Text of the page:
Mental health: catalyst that caused depressed teen to get help | #teacher | #children | #kids


When typically “good” student Charley began to skip school because she couldn’t get out of bed, her teacher was the person who realised why.

Charley Gonzaga, 21, first began experiencing symptoms of depression and anxiety as an 11 year old after her father passed away from illness. She recalls feeling “sad, odd and lonely” but not understanding the reason behind her emotions.

“I didn’t really understand what was going on. It was a lot of new feelings and I didn’t understand them. That was when I began to self-harm,” she told news.com.au.

“I didn’t really talk to anyone professionally because I thought everyone felt that way and didn’t know if it was normal or not.”

Her struggles, however, with her mental health escalated in Year 12. A break-up with her boyfriend prompted extreme teasing from her friendship circle that escalated to threats and cyber-bullying via Snapchat.

“I guess people thought it was just fun to bully me because I was so vulnerable,” she says. “I had a panic attack at school once and everyone said I was being dramatic, which for a lot of people is why young kids don’t seek out help.”

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At school Charley says her depression and anxiety often appeared as her looking “a little tired or burnt out”. However, as a typically “good” student, her teachers began to get concerned once she started missing school and failing her exams.

“It presented in me not wanting to get out of bed some days but I just thought that was a typical teenager stereotype,” she says. “Or my mum would get sick and I would obsess over her going to the doctors and over thinking a lot. I would be anxious but I wasn’t aware it was anxiety. I thought it was paranoia.”

Her breakthrough moment came when her English teacher encouraged her to reach out to headspace – a national youth mental health foundation. The government-backed service put her in contact with her first psychologist who she continues to see today.

‘It helped me take ownership of my mental health’

Once Charley began speaking to a professional, she was able to better understand and recalibrate her relationship with her mental health.

“It took three sessions for me to put all the puzzle pieces together,” she says.

“I was told I had severe depression and anxiety but it wasn’t until I spoke to my psychologist a lot more that I realised it all made sense and understood why I did the things I did.

“It really helped me take ownership of my mental health and go, ‘this is me and this is why I’m like this and here’s what can I do to make this work in my favour’.”

She also began implementing strategies to help temper any anxiety or depression flare ups. One tactic she found particularly helpful was doing jumping Jacks or “springing out of bed” on days where she would rather “wallow”.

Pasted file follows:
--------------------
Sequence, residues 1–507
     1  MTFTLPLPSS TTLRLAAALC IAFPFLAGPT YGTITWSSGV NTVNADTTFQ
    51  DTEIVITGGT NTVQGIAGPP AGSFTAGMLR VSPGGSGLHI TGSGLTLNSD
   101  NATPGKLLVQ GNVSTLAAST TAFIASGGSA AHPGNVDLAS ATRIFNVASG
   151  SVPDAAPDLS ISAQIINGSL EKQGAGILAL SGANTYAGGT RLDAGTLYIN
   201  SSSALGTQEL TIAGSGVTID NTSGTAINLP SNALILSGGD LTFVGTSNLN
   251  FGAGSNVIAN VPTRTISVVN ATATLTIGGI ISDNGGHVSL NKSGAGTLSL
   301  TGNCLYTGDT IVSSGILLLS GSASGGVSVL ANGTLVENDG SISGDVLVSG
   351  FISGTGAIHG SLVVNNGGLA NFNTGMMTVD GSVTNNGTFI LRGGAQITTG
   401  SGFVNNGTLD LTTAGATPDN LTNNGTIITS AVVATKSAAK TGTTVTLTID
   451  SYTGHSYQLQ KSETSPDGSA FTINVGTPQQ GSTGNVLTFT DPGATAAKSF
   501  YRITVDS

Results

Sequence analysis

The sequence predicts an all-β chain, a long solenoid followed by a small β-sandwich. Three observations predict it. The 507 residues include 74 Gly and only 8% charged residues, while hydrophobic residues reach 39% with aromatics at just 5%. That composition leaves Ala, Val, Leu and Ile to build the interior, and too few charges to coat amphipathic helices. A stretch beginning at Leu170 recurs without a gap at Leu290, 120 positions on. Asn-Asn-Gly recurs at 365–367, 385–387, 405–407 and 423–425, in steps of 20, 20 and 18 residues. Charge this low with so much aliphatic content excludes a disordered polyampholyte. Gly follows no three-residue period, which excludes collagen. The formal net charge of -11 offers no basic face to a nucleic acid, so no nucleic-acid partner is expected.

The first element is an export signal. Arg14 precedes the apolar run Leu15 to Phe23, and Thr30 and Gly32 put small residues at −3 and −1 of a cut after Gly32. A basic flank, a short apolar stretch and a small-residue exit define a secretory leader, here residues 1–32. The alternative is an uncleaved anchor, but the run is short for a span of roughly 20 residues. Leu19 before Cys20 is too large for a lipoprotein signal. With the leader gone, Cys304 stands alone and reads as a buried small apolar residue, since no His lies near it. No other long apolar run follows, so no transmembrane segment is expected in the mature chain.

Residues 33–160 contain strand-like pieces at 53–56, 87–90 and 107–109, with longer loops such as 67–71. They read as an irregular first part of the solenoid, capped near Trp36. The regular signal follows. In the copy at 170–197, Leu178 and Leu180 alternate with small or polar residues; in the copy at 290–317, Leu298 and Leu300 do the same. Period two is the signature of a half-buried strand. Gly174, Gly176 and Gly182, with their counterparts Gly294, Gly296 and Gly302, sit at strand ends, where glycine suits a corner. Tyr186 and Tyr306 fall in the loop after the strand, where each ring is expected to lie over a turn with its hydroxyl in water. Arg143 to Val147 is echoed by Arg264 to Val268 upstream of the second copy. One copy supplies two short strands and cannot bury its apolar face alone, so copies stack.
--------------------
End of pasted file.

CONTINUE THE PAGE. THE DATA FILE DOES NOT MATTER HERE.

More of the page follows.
“This really helped me. I would be really restless and fidgety in bed but I’d just want to stay there with my thoughts,” she says. “Jumping out of bed and just shaking everything off helped me reset in a way.”

Journaling and trapping her anxieties on paper became another coping mechanism she continues to do.

Paying it forward

Now a student at the University of New South Wales, in Sydney, Charley is a speaker for preventive mental health organisation batyr. Part of her role includes running workshops and speaking to high school students about her own mental health journey.

She says one of the most rewarding aspects from her role is being able to normalise mental health and sharing the mass of resources and help available for students struggling.

“It’s nice that sharing my story has made that one person feel less alone,” says Charley. “My favourite thing is when kids come up to me and say: ‘I feel like that too’ or say they want to see a psychologist as well.”

Batyr is also one of the organisations supported by MOOD tea. Focused on increasing awareness and preventing youth suicide – the number one killer of young Australians – the social enterprise donates their profits to mental health foundations like BackTrack and Gotcha4Life.

In her work as a mental health advocate, Charley says the biggest lesson she’s learnt is that “it’s okay not to be okay,” something she believes her generation find difficult due to the ‘highlight reel’ effect of social media.

“We tend to be so hard on ourselves,” she says. “There’s so much pressure for young people to be doing so many things and that was one of the biggest things I struggled to learn after balancing so many extra-curricular activities in high school.”

“It’s okay to want to take a day off or to cancel plans just to take care of yourself.”



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